1. Regina is now split in two. Has this changed who she is? Or just the compulsion to do evil? What does this portend for free will on Once?
Sam: It's an interesting question. How much can a person really change? Can you really absolve yourself of bad behavior by saying that person is not the person I am now? Keeping this in the realm of fiction, which we must remember, Once Upon a Time is fiction, I'm going to say this separation makes sense. It would be a terrible shame for Regina to lose the redemption she's earned in the last few seasons. The literal separation of her Evil Queen personality works for me and here's why: I think it's pretty clear that if not for the manipulation by Cora and Rumple when she was young, Regina would not have become Evil. Remember: Evil isn't born, it's made. I think the Evil Queen was not really a natural part of Regina's personality, although she did surrender to it and live it to the fullest for some time. The selfless, rational, loving Regina that we've come to know in recent seasons is who she would have been without the meddling by Cora and Rumple.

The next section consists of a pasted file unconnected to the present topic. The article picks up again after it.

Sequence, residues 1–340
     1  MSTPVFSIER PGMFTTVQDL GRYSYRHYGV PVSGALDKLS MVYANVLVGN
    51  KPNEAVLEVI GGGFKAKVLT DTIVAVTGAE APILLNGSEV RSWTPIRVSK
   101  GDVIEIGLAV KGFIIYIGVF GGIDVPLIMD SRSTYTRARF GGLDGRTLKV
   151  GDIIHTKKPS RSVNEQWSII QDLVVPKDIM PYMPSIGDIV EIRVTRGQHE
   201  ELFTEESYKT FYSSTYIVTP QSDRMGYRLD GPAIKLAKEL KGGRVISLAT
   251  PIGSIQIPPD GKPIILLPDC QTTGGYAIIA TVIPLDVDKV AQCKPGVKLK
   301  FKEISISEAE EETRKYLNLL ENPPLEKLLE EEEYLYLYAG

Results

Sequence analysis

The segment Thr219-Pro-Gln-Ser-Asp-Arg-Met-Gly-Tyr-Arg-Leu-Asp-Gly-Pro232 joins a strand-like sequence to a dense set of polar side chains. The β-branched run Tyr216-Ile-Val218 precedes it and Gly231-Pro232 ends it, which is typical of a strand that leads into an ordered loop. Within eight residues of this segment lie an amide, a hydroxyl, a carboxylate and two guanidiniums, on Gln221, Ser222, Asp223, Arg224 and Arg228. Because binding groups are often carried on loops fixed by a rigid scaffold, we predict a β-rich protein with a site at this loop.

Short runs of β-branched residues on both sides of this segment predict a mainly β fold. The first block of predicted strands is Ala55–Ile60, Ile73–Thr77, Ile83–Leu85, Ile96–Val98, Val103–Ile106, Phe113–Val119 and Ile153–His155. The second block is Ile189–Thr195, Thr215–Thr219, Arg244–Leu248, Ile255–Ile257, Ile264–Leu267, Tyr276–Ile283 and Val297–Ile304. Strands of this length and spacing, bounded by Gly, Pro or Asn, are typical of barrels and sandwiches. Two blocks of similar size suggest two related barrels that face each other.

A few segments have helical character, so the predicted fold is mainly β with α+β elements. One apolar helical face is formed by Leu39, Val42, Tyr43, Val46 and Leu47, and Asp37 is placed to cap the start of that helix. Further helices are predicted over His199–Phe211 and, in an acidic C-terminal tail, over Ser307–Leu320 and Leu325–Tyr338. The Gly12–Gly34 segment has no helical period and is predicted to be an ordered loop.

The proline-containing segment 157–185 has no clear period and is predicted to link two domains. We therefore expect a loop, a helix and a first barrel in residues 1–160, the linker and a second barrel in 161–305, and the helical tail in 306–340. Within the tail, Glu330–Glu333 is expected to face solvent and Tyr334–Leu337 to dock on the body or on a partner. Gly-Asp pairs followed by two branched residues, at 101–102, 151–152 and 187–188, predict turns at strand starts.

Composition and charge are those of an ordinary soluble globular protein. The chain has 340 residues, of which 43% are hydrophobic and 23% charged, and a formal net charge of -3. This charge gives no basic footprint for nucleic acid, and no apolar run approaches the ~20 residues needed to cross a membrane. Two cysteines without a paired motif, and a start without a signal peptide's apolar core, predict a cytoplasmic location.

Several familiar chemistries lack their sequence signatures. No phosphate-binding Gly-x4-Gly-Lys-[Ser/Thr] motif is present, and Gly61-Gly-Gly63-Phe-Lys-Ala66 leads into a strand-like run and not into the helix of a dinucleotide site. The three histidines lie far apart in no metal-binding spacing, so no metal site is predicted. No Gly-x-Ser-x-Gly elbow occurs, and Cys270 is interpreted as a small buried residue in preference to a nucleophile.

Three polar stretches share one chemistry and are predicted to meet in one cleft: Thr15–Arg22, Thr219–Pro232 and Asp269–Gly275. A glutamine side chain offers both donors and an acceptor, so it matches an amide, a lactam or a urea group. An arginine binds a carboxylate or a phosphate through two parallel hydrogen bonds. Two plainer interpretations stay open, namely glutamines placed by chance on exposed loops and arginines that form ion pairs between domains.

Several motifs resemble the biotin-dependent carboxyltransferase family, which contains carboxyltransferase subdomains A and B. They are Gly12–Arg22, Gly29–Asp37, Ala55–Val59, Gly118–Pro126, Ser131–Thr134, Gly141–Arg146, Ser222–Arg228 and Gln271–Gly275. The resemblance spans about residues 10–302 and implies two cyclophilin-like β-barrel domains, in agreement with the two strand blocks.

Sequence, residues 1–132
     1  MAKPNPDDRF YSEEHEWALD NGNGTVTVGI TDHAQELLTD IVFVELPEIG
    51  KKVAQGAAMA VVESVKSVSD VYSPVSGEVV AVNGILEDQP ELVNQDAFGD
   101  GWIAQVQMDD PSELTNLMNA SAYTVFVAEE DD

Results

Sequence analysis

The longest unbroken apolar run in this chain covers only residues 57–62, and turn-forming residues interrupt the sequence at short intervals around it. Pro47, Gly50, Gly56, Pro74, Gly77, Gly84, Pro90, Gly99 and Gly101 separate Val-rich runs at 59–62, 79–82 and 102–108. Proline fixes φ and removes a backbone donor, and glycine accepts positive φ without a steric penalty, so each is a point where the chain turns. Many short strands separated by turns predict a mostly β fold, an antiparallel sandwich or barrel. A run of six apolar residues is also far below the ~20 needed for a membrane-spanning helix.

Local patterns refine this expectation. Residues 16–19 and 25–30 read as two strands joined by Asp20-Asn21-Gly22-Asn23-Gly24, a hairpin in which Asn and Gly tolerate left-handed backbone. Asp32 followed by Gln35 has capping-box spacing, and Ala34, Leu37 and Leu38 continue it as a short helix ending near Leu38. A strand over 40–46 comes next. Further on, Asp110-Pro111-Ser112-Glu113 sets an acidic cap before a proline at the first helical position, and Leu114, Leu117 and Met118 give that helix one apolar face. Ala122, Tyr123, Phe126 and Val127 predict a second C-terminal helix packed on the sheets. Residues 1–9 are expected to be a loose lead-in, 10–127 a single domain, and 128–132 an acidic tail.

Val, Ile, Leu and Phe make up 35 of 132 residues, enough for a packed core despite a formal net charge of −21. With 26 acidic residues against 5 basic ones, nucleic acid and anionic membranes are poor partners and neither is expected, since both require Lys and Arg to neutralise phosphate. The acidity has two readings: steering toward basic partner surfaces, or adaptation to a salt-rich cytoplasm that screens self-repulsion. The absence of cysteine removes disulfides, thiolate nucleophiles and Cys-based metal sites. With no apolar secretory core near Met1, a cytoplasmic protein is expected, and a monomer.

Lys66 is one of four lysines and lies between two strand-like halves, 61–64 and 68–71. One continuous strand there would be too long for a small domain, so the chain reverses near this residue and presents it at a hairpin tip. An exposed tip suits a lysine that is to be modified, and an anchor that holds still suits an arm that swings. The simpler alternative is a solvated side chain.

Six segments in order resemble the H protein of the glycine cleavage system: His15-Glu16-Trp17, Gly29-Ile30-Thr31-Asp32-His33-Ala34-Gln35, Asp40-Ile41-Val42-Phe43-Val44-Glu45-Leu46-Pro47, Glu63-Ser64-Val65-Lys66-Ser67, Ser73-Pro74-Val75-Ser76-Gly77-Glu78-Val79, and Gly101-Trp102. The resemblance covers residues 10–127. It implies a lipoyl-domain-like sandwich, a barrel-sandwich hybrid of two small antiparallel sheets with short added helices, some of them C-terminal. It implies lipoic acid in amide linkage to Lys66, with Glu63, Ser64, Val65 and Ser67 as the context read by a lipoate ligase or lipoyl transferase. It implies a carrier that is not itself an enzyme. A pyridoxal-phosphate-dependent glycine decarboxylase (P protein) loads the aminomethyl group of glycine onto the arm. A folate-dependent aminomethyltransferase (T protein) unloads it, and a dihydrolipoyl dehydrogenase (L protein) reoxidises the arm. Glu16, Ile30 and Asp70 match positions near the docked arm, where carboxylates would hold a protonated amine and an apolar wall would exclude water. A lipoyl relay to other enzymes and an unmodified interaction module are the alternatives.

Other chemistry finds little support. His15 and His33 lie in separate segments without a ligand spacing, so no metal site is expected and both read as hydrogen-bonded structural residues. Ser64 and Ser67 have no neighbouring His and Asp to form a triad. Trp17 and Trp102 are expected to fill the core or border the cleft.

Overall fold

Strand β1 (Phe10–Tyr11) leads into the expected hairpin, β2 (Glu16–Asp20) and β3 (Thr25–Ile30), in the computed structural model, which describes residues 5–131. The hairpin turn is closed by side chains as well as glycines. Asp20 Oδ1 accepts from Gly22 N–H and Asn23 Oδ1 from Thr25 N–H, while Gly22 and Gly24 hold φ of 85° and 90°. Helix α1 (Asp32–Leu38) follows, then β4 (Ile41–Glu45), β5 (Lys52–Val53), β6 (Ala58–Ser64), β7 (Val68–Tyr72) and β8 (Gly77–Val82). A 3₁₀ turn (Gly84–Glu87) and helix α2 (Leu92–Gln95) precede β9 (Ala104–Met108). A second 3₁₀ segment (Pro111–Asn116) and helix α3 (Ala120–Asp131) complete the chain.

Joanne: We will always have free will. Just because Regina has rid herself of her evil side, doesn't mean that she can't make bad choices in the future. I think splitting Regina and the Evil Queen is a great plot device. It will move Regina closer to redeeming herself in her own eyes. The core characters seem willing to forgive and forget what Regina did in the past as the Evil Queen, but Regina doesn't seem to be able to forgive herself. By dividing her into two separate characters, the writers allow Regina to battle it out with her evil side. I also think that Rumple might use the Evil Queen to help him get Belle back. When Regina offered her magical services, she said that she was his best student. He contradicted her and said the Evil Queen was his best student. He needs her not Regina because Regina had gone soft.